The November USDA supply/demand report estimated the corn crop at 10.725 billion bushels, this was up slightly from the October estimate of 10.7 bb.
Despite the drought, this was still the third largest production figure in history. Carryover stocks at the start of next year’s harvest were estimated at only 647 million bushels. By comparison, last year at this time, the USDA forecasted corn ending stocks at 988 mb.
Usage remains at a 11.167 bb, down 1.5 bb from last year. While total usage is good, export demand is painfully slow. Exports are only forecast at 1.15 bb compared to 1.543 bb a year ago.
The USDA supply/demand report on Dec. 9 looks to lend little direction to prices, with no production adjustment and the USDA likely to lower demand forecasts by 15 to 25 mb. Fund buying is the most bullish driving force for prices with very little farmer hedge pressure until after the first of the year.
The November USDA supply/demand report estimated the soybean crop at 2.97 billion bushels, 111 mb larger than last month’s crop and one of the largest production figures in history. Carryover stocks at the start of next year’s harvest are estimated at only 140 mb, 10 mb larger compared to last month and 29 mb less than a year ago.
Demand remains strong, led by record exports of soybeans, mostly to China. Total demand is forecast at 3.021 bb with exports at 1.345 bb compared to 1.362 bb a year ago. Production looks to fall behind demand this year, but that could change quickly if U.S. producers cut back on soybean production in 2012.
Brazil and Argentina currently are planting their crops under wet weather conditions and at a near record pace. Note, Brazil and Argentina store little to no excess grain, as storage elevators are absent from the countryside, not like here in the U.S. Grain goes from field to port, which means they need to forward contract, or pre-sell their crop before it’s harvested to ensure it doesn’t pile up on the farm.
This means South America will post their price for beans under any U.S. price to ensure they capture the export business, as there is nowhere to store it.
From the start of the U.S. harvest in October until South American soybean harvest in March, the big demand window for U.S. soybeans as South American supplies are unavailable and the U.S. is the only port of origin for the world’s needs.
China remains the world’s largest importer of soybeans as their growing economy demands high protein and oil contents. The USDA supply/demand report on Dec. 9 looks to lend little direction to prices, with no production adjustment and the USDA likely to raise export forecasts by 5 to 10 mb as weekly export sales remain strong.
Corn closed the week $.18 1/2 higher. Last week, private exporters did not report any private sales.
In the weekly export sales report, corn sales shows 30.3 mb slated for 2012/13. This is above the 16.9 mb that is needed to stay on pace with the USDA forecasts of 1.15 bb.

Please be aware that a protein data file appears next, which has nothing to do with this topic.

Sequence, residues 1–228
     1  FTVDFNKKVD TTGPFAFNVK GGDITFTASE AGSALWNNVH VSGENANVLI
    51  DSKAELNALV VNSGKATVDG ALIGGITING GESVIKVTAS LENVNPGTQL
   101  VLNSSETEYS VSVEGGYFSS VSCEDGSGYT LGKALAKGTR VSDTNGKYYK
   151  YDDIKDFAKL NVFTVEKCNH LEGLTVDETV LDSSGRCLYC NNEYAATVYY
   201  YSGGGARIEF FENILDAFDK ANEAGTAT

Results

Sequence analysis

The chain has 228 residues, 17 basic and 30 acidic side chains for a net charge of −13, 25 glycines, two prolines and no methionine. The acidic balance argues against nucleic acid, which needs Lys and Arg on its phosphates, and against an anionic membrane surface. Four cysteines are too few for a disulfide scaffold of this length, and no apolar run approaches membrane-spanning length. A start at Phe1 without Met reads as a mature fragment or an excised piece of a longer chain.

Corn looks to remain in a trading range as supply issues are well known by now and the demand puzzle moves to the front of pricing. The lack of exportable corn demand looks to cap rallies, while the downside should be limited with lack of supply due to the summer drought keeping the basis tight in most regions.
Corn looks to be carving out a downside technical support area of $7.10 with upside resistance at $7.65.
Strategy and outlook: Producers are now 80 percent sold of 2012/13 crop and are also 40 percent sold of the 2013/14 crop.
Re-own 50 percent of the 2012/13 corn crop with July calls if futures touch $7.12.
Soybeans closed the week $.35 1/2 higher from last week. Last week private exporters reported 120,000 metric tons of U.S. soybeans sold to China, 20,000 mt of bean oil to China and 76,000 mt of bean oil to an unknown destination.
In the weekly export sales report, soybean sales were 20.9 mb, this is well above the 8.8 mb that is needed to stay on pace with the current USDA forecast of 1.345 bb. Soybeans are finding selling pressure from commodity funds who are watching the bearish technical trends and selling rallies.
The commercials are buying on weakness in anticipation of a hiccup in growing conditions in South America. The trade has pretty well factored in a huge crop in Brazil and Argentina and the market will see a rally in December if weather problems develop.
Prices will need to close above weekly resistance of $15.71 to confirm seasonal lows are in place. This was previous support that was broken and will serve as resistance on rally attempts.
Strategy and outlook: Producers are 80 percent sold of the 2012/13 production and are 40 percent sold of 2013/14.
Re-own 50 percent of 2012/13 production with July soybean calls if futures hit $13.50.
Brian Hoops is president and senior market analyst of Midwest Market Solutions Inc. Midwest Market Solutions is a full-service commodity brokerage and marketing advisory service, clearing through R.J. O’Brien. He can be contacted at 605-660-1155.
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